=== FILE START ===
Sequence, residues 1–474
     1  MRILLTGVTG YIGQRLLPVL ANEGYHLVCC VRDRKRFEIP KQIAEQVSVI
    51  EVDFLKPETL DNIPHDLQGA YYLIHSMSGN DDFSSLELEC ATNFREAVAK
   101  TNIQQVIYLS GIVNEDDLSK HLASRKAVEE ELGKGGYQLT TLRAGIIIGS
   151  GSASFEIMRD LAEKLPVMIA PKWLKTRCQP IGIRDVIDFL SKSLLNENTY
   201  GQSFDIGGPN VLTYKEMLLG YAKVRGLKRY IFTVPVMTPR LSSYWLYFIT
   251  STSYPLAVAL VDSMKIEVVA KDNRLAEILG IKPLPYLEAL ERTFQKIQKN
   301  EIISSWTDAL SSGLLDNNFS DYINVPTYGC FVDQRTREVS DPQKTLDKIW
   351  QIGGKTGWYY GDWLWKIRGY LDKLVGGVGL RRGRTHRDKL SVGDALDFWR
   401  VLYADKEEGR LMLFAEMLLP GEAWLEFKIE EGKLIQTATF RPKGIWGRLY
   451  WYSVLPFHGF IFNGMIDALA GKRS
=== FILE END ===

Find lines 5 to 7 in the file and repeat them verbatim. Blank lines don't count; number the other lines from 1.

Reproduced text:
   151  GSASFEIMRD LAEKLPVMIA PKWLKTRCQP IGIRDVIDFL SKSLLNENTY
   201  GQSFDIGGPN VLTYKEMLLG YAKVRGLKRY IFTVPVMTPR LSSYWLYFIT
   251  STSYPLAVAL VDSMKIEVVA KDNRLAEILG IKPLPYLEAL ERTFQKIQKN